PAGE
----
As discussed previously, horror is meant to frighten, scare, or make the reader feel ill at ease. Horror stories typically explore themes related to demons, spirits, death, and the afterlife. The horror genre in all its forms makes us confront our fears and tries to rattle us in order to make us think. Now let’s look at the horror sub-genres.
Horror doesn’t have as many sub-genres as fantasy or science fiction. It tends to be more difficult to break down into sub-categories. The following is not a comprehensive list, but should give you a better understanding of the more common horror sub-genres out there.
Cosmic Horror pits the insignificance of the human experience against the unknowable elements of nature and the universe.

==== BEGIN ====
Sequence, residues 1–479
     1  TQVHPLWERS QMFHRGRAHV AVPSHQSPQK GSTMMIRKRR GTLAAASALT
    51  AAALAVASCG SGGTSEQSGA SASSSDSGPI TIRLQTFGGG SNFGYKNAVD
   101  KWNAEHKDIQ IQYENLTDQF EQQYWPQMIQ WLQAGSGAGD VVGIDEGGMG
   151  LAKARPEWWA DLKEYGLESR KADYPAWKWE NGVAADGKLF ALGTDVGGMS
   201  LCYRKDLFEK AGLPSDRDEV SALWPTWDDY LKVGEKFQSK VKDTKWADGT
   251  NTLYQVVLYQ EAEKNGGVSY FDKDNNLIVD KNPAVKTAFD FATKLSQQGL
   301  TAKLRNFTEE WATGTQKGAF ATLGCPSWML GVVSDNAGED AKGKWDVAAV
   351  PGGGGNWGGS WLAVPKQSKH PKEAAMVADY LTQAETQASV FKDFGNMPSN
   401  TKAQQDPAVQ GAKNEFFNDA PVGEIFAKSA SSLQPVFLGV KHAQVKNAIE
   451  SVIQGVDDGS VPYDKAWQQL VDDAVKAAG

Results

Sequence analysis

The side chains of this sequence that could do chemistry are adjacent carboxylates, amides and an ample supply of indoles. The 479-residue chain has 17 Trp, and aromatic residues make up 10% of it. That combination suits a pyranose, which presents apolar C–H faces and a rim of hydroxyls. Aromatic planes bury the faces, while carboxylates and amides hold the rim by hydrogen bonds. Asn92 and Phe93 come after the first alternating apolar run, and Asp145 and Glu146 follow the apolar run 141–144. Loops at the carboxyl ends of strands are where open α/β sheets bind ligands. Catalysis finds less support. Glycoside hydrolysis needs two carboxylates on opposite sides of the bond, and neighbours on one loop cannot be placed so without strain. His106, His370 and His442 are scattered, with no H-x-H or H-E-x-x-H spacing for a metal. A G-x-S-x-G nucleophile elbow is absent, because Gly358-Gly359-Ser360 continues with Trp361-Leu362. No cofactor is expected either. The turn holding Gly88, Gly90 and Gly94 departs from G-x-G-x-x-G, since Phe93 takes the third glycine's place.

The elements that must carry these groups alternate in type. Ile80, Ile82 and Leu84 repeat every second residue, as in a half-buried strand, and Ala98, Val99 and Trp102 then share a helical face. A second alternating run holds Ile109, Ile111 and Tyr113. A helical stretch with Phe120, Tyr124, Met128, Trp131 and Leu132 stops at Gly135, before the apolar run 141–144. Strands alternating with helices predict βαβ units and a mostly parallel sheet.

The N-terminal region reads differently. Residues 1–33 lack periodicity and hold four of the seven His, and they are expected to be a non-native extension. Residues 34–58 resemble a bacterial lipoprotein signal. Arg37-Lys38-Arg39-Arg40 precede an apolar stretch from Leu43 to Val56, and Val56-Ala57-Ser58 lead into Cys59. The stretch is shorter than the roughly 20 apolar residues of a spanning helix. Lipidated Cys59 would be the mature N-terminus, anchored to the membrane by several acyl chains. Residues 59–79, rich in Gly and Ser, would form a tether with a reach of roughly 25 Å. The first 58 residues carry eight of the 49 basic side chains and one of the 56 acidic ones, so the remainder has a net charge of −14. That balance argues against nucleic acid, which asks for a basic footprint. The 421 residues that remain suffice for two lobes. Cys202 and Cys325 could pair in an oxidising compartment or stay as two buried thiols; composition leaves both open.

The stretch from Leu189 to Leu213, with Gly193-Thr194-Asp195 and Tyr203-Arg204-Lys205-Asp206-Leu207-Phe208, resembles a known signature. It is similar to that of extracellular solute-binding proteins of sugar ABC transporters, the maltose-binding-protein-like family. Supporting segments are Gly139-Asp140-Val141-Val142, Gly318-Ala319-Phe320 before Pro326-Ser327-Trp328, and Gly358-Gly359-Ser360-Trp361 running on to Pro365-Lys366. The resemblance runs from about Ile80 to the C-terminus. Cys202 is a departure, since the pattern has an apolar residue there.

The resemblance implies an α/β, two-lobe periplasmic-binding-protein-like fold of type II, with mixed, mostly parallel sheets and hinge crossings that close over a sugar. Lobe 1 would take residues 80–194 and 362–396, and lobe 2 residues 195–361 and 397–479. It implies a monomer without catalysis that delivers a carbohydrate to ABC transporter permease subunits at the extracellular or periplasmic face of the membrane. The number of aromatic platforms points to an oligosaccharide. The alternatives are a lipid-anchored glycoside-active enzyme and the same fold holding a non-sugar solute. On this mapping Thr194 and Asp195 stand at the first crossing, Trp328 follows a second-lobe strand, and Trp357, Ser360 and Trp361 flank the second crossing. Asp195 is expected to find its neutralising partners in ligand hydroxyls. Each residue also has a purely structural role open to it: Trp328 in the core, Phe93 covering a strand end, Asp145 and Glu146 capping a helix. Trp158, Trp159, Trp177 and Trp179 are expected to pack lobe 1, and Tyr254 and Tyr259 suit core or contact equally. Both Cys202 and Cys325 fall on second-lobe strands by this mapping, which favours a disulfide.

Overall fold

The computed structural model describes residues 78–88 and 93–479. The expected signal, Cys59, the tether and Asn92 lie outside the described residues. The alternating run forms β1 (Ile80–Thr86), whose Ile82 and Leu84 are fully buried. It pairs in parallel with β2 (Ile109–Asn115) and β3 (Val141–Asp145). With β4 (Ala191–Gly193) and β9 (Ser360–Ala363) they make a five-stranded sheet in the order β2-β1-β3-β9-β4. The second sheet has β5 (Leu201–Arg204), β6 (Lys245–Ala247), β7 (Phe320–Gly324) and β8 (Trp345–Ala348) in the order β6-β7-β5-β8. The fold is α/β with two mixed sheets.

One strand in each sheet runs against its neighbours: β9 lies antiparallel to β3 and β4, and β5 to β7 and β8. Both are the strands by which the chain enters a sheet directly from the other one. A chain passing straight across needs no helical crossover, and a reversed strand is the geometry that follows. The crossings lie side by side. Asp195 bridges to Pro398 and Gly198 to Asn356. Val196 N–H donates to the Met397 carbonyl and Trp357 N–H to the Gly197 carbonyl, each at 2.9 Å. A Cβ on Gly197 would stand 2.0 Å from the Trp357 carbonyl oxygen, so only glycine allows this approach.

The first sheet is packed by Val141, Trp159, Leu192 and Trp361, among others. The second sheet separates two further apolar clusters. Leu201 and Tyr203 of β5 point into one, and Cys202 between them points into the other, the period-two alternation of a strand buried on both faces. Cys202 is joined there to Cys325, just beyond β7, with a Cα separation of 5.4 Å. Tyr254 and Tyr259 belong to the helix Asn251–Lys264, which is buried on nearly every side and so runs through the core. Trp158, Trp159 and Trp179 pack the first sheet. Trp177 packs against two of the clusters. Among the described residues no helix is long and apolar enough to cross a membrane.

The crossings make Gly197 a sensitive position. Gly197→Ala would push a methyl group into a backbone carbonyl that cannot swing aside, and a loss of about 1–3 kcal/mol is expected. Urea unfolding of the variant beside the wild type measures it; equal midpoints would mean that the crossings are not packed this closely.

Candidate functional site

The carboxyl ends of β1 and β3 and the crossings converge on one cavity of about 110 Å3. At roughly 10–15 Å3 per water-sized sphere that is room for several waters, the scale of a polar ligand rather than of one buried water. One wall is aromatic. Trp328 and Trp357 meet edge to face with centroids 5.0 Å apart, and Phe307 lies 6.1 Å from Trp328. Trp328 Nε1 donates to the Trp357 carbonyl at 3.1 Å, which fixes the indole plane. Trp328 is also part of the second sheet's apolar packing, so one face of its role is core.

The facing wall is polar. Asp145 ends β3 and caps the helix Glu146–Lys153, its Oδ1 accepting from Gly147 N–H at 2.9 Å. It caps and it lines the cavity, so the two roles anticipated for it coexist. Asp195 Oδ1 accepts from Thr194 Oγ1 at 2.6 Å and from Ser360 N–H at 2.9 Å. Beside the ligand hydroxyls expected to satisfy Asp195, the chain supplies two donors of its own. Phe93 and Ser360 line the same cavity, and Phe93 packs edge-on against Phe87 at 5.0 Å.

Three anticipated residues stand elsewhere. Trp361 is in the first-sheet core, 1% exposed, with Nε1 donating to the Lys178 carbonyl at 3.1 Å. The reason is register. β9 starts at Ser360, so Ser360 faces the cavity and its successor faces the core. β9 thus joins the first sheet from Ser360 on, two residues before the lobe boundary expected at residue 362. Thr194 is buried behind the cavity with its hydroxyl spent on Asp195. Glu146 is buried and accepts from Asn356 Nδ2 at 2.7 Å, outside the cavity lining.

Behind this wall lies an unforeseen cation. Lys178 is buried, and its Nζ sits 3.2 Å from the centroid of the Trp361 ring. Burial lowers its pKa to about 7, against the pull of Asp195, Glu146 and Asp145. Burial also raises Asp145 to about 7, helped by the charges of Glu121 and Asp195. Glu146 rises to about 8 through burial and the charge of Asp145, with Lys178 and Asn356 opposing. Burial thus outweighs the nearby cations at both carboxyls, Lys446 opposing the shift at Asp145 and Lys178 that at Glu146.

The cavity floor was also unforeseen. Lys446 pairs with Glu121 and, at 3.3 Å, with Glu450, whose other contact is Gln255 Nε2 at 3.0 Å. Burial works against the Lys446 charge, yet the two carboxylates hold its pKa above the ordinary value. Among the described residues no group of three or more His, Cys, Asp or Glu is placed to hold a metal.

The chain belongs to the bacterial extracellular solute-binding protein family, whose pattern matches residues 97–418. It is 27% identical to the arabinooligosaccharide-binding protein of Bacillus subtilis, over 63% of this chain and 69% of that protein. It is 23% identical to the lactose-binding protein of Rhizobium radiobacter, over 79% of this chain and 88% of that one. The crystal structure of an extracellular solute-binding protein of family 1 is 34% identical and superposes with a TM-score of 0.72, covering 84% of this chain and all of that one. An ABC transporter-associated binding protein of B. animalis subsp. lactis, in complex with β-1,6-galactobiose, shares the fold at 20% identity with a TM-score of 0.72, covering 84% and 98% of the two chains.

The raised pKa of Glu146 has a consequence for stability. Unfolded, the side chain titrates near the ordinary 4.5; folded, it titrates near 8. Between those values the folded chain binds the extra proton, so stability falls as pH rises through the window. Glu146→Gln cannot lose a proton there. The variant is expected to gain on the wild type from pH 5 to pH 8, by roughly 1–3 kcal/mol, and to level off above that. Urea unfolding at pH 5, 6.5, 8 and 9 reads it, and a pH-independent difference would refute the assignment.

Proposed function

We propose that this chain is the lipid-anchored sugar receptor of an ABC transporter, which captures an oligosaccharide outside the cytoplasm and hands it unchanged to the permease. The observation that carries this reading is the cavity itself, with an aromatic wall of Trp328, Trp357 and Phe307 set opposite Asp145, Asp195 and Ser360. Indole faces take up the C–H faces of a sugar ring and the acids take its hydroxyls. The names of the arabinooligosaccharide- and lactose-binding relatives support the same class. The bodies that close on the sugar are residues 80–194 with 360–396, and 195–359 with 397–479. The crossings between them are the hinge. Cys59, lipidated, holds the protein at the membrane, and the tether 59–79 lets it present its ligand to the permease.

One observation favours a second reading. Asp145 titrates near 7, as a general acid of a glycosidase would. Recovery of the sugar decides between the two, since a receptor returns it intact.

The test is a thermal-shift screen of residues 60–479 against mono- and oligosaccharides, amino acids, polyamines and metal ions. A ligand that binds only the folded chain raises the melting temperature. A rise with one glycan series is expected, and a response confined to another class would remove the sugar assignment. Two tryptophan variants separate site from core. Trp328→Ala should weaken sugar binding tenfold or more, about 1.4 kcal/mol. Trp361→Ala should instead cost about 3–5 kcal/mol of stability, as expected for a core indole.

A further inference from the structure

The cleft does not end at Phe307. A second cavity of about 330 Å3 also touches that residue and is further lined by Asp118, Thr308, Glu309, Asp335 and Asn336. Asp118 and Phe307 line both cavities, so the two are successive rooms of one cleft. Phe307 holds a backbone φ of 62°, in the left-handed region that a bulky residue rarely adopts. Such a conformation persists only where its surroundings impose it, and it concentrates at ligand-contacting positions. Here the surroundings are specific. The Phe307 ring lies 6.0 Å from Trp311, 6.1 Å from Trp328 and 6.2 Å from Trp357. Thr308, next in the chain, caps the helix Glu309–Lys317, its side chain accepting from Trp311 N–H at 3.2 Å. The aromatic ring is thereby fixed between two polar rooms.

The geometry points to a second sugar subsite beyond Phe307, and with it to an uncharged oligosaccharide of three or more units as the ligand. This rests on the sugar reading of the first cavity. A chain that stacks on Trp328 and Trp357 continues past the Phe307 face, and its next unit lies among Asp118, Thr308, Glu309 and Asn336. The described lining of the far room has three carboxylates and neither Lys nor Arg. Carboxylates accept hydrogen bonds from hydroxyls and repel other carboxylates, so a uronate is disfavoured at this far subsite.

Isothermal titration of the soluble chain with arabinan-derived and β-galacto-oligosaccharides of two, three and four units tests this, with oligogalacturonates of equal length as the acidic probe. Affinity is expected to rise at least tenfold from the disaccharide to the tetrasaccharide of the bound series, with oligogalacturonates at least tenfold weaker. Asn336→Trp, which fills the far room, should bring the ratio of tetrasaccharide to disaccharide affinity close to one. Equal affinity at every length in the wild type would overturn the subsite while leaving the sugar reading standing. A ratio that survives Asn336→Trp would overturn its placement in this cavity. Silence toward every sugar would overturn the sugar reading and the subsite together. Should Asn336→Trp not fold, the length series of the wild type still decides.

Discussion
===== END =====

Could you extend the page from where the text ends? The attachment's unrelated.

Gothic Horror tends to be dark stories that focus specifically on death, dread, mystery, and fear. They strive to create a sense of menace and sinister pasts.
Occult Horror focuses on rituals designed to obtain secret knowledge or power. Typically this includes witchcraft, spiritualism, black magic, or secret cults.
Psychological Horror is about mental trauma and agony. It elicits paranoia, self-doubt, and suspicion. It does not need much (or any) physical violence.
Slasher Horror is physically violent and descriptive of that violence. These stories are typically about punishment and revenge.
Supernatural Horror, as the name suggests, focuses on supernatural beings or abilities (ghosts, werewolves, vampires, etc.)
Survival Horror is about a character who is isolated from outside help and has to survive the environment they are in as well as whatever horror is plaguing them.
Those are some of the more common sub-genres of horror out there. Understanding the differences between them can help you focus your story or it can make you want to blur the line between two or more of the sub-genres.
If you have any questions or think I’ve missed any important sub-genres, let me know in the comments.